An article published in the journal “Nature” reports a study that relaunches the idea that the Homo sapiens species emerged not from a single population that had e linear evolution but from different groups of genetically similar hominins that diversified and then interbred again. A team of researchers led by Brenna Henn of the University of California-Davis, USA, and Simon Gravel of McGill University in Montreal, Canada, conducted a genetic analysis and a comparison with early Homo sapiens fossils to try and locate the origin of modern humans. The researchers tested different evolutionary and migratory models and the one that best matches the data points to ramifications of African populations that subsequently interbred again until they merged.
An article published in the journal “Nature” reports the results of a genetic study on a Neanderthal community that lived in today’s Siberia. A team of researchers including Nobel Prize winner for medicine Svante Pääbo obtained DNA from 11 individuals who lived in Chagyrskaya Cave and 2 who lived in Okladnikov Cave. It’s one of the largest genetic studies on Neanderthals ever done. The results of the genetic analysis indicate that some of the inhabitants of Chagyrskaya Cave were closely related, including a father and daughter.
An article published in the journal “Nature Communications” reports the discovery in today’s Laos of a tooth that was attributed to a little girl that belonged to the Denisovan species, an archaic human species still mysterious in many ways. The molar was dated between 164,000 and 131,000 years ago from the analysis of the sediments in which it was found in the Cobra Cave (Tam Ngu Hao 2), in the Annamite Chain, in Laos. The warm and humid conditions in that area offer little hope of still finding pieces of DNA but the proteins and appearance of the molar, very similar to that of a jawbone discovered in Tibet and attributed to a Denisovan, led the researchers to that conclusion.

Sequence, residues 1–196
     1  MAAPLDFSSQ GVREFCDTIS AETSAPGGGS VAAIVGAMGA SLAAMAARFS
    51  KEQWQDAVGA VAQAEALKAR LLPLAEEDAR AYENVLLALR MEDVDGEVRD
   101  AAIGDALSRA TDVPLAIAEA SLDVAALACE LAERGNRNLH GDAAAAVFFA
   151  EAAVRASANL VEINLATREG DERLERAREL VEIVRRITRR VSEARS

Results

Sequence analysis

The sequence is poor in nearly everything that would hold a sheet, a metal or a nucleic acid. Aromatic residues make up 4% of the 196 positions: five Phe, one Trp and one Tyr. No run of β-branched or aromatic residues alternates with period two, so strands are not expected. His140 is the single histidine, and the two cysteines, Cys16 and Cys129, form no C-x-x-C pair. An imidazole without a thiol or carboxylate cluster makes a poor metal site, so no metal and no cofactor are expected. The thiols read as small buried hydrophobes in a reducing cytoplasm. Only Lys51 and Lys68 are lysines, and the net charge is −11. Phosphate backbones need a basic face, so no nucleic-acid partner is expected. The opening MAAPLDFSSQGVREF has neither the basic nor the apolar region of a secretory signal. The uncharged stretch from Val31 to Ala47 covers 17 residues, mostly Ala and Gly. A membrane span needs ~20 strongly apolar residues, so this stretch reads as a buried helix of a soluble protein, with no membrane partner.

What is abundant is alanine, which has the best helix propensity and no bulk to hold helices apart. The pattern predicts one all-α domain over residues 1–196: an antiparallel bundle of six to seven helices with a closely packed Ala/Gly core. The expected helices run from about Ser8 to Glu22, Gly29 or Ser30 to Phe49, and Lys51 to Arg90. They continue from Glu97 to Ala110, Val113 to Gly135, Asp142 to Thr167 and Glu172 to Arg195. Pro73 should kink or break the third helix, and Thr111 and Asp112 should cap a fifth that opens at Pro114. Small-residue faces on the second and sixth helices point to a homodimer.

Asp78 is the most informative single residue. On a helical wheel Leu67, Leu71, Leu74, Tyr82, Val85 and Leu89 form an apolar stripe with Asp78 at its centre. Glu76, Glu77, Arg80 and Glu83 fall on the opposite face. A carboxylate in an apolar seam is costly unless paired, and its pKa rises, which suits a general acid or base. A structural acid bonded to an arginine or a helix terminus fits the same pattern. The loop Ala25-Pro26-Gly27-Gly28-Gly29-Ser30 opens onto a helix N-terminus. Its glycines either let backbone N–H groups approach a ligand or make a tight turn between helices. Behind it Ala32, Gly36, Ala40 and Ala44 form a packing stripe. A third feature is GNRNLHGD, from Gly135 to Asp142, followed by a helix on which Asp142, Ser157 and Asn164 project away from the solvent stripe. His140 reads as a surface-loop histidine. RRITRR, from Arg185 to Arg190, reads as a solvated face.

An article published in the journal “Scientific Reports” reports the attribution of a vertebra to the genus Homo with an estimated age of about 1.5 million years in the archaeological site of Ubeidiya, in today’s Israel. A team of researchers examined the fossil vertebra and compared it with other Eurasian hominin fossils from the Pleistocene period. The paleobiological differences led them to conclude that there were several migratory waves from Africa that correspond to the different stone working techniques discovered in archaeological studies.
An article published in the journal “Proceedings of the National Academy of Sciences” reports the discovery of DNA of ancient hominins and animals dating back to the Pleistocene period in sediments taken from 13 prehistoric sites on different continents. A team of researchers including scientists from the Max Planck Institute for Evolutionary Anthropology in Leipzig and geoarchaeologists collected and analyzed sediments and found that even microscopic fragments of bone and feces offer concentrations of DNA belonging to various species. That’s another step forward in the recovery of very ancient genetic material that can offer valuable information on populations of Neanderthals and other hominins whose presence can be linked to archaeological artifacts and ecological traces.